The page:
1 Star – Emptiness
It takes experienced actors under the direction of a clear vision to create the emptiness of soul and lives we experience in Kenneth Lonergan’s Manchester by the Sea. Similar to his acclaimed film You Can Count on Me, the film rests on the lives of broken people who have suffered deeply. But, the true sorrow is that it is a suffering without hope or community. It is a pain that has brought isolation, anger, sexual acting out and all punctuated by crude language avoiding real feeling in true communication. Set within the stark and beautiful coast of Maine, the setting and visual impact is a masterpiece in telling this tale, as winter empties the beauty from Manchester.
The central character of this tale is Lee Chandler (Casey Afflect). Hiding his life in a basement handyman world of broken toilets and plastic people, Lee is nursing a deep pain causing him to avoid all relationships, especially with women. But when he receives the call that his brother Joe (Kyle Chandler) has experienced a cardiac arrest after a long congestive heart failure, he drops everything and rushes to his side travelling from Boston to his hometown. Arriving too late he is faced not only with the loss of his brother but the responsibility for his nephew, Patrick (Ben O’Brien and Lucas Hedges). It is this relationship that drives not only the story but the beginning of a new but still damaged life.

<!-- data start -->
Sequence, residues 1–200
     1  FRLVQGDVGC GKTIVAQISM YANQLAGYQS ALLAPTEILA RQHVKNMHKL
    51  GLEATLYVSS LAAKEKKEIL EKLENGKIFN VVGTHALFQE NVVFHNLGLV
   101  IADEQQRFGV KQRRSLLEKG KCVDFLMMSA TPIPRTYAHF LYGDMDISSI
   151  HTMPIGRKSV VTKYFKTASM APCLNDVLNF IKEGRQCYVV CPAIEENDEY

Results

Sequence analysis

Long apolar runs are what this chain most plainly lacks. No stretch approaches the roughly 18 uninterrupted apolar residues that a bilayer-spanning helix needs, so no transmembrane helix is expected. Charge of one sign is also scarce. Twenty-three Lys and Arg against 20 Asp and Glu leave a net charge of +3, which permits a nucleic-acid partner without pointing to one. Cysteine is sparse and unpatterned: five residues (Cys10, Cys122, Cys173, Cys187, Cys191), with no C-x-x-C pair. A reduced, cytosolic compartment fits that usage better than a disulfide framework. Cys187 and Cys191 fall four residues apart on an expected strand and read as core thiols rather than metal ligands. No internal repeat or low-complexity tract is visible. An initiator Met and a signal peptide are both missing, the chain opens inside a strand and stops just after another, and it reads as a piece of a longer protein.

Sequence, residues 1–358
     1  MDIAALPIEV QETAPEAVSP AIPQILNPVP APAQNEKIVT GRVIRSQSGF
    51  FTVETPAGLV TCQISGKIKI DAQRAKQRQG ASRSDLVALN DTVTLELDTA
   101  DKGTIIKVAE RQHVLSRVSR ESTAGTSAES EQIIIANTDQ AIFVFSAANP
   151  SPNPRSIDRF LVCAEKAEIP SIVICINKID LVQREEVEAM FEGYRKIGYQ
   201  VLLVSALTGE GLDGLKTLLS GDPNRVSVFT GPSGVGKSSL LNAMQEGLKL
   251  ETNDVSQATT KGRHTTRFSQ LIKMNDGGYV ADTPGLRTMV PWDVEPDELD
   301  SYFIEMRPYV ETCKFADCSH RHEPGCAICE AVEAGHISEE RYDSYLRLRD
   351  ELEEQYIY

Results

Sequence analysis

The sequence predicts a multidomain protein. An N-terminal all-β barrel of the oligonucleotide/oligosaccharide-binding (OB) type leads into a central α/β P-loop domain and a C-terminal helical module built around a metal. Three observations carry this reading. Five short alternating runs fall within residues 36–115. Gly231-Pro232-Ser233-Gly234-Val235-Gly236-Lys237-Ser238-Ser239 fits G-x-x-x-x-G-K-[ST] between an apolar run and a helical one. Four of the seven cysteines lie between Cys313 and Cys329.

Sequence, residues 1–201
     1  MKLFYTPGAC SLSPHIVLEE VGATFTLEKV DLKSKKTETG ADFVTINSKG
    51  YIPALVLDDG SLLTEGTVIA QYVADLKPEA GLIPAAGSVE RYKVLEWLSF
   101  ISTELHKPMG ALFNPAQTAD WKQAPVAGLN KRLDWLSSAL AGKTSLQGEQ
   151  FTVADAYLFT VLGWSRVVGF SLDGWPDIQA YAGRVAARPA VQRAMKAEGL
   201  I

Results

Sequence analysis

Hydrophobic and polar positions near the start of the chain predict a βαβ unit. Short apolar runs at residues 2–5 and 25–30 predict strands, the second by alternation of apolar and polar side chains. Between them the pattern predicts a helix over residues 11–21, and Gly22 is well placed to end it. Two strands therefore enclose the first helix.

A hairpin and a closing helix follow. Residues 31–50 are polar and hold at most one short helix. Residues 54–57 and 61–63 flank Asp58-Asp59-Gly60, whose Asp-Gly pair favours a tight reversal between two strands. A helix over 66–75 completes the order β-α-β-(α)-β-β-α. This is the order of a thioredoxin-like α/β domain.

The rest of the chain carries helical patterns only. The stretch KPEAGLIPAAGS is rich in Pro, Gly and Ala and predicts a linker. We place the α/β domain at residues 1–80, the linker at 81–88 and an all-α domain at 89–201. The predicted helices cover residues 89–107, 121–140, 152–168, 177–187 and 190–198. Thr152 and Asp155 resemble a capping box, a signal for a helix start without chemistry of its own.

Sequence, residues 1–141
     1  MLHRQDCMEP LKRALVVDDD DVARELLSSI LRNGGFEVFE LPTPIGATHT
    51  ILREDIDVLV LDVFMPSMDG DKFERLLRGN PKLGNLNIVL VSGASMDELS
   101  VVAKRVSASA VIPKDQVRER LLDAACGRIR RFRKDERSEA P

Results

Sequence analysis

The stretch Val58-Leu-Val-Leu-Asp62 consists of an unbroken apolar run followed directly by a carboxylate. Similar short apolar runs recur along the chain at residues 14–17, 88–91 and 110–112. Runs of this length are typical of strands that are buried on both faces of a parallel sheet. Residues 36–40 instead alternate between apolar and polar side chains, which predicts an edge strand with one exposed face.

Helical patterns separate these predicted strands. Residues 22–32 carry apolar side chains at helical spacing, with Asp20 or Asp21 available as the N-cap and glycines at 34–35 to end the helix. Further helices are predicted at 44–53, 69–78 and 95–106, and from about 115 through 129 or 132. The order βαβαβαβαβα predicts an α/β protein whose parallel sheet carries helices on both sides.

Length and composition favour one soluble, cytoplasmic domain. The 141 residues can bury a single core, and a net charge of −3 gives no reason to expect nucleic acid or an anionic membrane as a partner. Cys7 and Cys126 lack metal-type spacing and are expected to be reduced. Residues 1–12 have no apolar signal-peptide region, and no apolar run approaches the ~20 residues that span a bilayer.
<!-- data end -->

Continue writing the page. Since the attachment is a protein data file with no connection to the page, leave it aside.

Also within this complex tale is Lee’s former wife Randi (Michelle Williams). We won’t spoil the nature of her pain, but the love Lee and Randi share is authentic in both its depth and its sorrow. Patrick’s mother left him when he was young in a different form of heart failure and is battling alcoholism. This absence in both parenting and feminine love is one cause for Patrick’s sexual acting out with multiple girlfriends. But we also see the conscious avoidance of the girls' mothers and their moral guidance as well.
The impact of all of this is an authentic journey into sorrow, immorality and hopelessness. It is depressing to even view, but this sadness is increased when the story has only a fraction of hope and virtually no outside help. Although Lee explains to Patrick that they are Christians, there is no conversation with their priest to help them deal with these impossible situations, nor is there any pastoral assistance with the guilt, sorrow and isolation life brings. Without it the emptiness is not only physical and emotional, but spiritual.
- When we act in ways that causes deep pain to the people we love we need to own what we’ve done and ask forgiveness. What do you think might have happened if Lee had sought forgiveness for what happened? Would the love he and Randi shared have been able to weather such a tremendous loss?
- The breakdown of the marriage of Patrick’s family with his mother’s impairment and absence, seemed to leave Patrick in the abyss of trying to find a woman’s love. What would you say to him if you were responsible to guide him in his dating life?
- Using the “living water” and “soaring gulls” of Manchester seaside scenes is juxtaposed with the stark winter of the land and town. How did you experience this film visually?